Dataphor Coding Standards & Conventions

Modified: 2009/04/08 00:29 by n8allan - Categorized as: Development
Despite its size, the Dataphor codebase is relatively clean and consistent, largely due to an attempt to strictly follow some well-argued coding standards that have evolved over years of practical usage. These standards are by no means perfect, nor are they set in stone, but a change must be defensible and agreed upon before the standards can be changed. In order to avoid creating busywork, changes to the standards apply to new code. Old code should be updated as encountered when performing maintenance, but code changes for the sake of applying new standards are generally avoided.

Note that code contributions that do not strive towards these standards will be returned for further cleanup.

The ultimate goal of these coding standards is to improve readability (and therefore maintainability) by eliminating personal nuance in favor of consistency. The basic idea is that it should not be possible to tell which developer is responsible for a particular peice of code.

Each section below describes a particular group of standards, together with the reasoning behind the standards, and some practical examples of their usage.


Naming Conventions


Pascal-casing for all identifiers (no camel-casing, ever)

Because C# is a case-sensitive language, and all reserved words in the language are lowercase, the use of Pascal-casing ensures a complete namespace in all cases. The choice of identifier is never a compromise due to a naming conflict with a keyword in the language. Edit

Prefix delineation

When reading code, it is useful to be able to determine the source of a particular identifier at a glance. This prefix notation, together with standard C# syntax highlighting, provides a complete mechanism for this identification. The following language elements require prefix delineation:
  • Arguments (A)
  • Local Variables (L)
  • Fields (F)
  • Constants (C)

Acronyms must be fully capitalized

We follow the standard English convention of capitalizing all the letters of an acronym when it appears in an identifier. Edit

Avoid meaningless identifiers

Identifier names should be chosen carefully to attach as much meaning as possible. Nomenclature and meaning are inextricably linked, and a well chosen identifier can literally be the difference between an elegant solution, and an unmaintainable mess. Edit

Avoid abbreviations

Abbreviations are often counter-intuitive and vary from person to person. If abbreviations are used at all, they must be agreed upon prior to being used. Edit

No underscores

The use of underscores adds another variable to the identifier pot, needlessly complicating the selection and decoding of a name.


Statements, Expressions, and Blocks



Each statement should begin on a new line. Edit


Indentation should be used to show dependence on the previous statement. Identation should always be accomplished with tabs, one tab per indentation level. Editors should be set to keep tabs, not spaces. Edit


Beginning block delimiters should be placed on the next line at the same indentation level as the opening statement, with all the statements inside the block indented one level further. The ending block delimiter should align with the beginning block delimiter. Edit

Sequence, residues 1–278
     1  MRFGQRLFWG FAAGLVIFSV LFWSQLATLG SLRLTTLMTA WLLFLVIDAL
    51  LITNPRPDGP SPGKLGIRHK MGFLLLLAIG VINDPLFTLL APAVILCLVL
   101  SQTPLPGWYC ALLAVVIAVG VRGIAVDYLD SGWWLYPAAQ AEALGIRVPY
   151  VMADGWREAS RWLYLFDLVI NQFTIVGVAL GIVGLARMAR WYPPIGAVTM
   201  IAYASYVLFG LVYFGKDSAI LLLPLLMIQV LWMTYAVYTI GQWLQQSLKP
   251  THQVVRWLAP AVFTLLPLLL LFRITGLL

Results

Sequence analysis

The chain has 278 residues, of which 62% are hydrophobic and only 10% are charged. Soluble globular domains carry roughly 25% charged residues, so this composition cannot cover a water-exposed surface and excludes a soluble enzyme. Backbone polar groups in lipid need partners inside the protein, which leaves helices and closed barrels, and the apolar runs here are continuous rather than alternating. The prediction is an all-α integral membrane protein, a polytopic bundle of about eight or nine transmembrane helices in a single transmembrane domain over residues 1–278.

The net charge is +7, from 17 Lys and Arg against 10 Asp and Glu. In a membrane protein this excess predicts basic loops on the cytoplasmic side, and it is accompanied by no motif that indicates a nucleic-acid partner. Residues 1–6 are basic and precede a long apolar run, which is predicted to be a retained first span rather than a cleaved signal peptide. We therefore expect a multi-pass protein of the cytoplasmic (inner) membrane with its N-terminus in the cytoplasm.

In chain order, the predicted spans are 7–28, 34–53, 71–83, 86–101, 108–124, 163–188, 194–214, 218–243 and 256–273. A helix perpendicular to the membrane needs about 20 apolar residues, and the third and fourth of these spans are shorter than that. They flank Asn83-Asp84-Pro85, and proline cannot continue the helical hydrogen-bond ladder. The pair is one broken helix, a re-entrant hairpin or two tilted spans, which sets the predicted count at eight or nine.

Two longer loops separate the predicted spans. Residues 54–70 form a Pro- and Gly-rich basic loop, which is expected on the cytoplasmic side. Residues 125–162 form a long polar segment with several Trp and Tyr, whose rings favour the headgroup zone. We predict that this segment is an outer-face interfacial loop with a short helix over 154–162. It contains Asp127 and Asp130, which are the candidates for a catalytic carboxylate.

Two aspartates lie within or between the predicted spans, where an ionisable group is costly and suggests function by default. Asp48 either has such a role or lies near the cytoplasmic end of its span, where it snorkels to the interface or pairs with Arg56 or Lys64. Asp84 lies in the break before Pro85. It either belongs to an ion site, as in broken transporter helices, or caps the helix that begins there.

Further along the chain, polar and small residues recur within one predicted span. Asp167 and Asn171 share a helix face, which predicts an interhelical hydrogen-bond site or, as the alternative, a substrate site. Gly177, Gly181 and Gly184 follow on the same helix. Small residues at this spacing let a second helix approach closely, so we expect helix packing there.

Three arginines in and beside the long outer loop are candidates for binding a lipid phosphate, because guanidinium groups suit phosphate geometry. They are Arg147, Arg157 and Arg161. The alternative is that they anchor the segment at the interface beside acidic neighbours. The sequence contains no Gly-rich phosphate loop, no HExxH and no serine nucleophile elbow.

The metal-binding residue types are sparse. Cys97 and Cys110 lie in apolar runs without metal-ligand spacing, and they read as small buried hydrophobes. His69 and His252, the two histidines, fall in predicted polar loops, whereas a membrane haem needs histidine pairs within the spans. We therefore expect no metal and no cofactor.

Multi-line Statements

If a statement is longer than a single line will allow, it should be split onto multiple lines. The split can occur along several boundaries including parentheses, braces, indexers, array selectors, object initializers, and built-in operator invocations. Edit

No right-aligned constructs

Right-aligning statements (such as attempting to place the arguments of a call vertically aligned with the first argument in the call) cause needless code maintenance. Edit


Whitespace must be used consistently and sparingly. Proper use of whitespace to help delineate steps within a method can greatly improve readability. It follows that improper use of whitespace can hinder and even destroy readability. We therefore attach great significance to the consistent and correct usage of whitespace within code.
  • Spaces after commas to separate items in a list
  • Spaces after all reserved words
  • No spaces before or after parentheses
  • Spaces before and after braces
  • Use tabs for indentation, not spaces
  • Single tab per indentation level
  • Never use more than a single hard return to separate code


In general, blocks should always span multiple lines and new statements should always begin a new line. However, to improve readability, there are certain allowed exceptions to this rule:
  • Property accessors may be collapsed if the entire definition will fit on a single line.
  • Common if statements such as logging statements may be collapsed to avoid the code bloat that would otherwise occur.




General Guidelines

  • Comments should be terse and useful.
  • No comments are better than bad comments.
  • Good comments are better than no comments.

Avoid Commented-Out Code

While there are reasons to leave commented-out code in the code base, they are few and far between. Consider introducing a compiler define rather than a comment. At the very least, comment the exclusion.



Not all comments are required to be annotations, but annotations should be used to reflect areas of the code that should be revisited or otherwise require special attention.

Annotations should include a comment type, the date of the comment, and the initials of the commenter. Available comment types include:
  • // TODO:
  • // HACK:
  • // NOTE:

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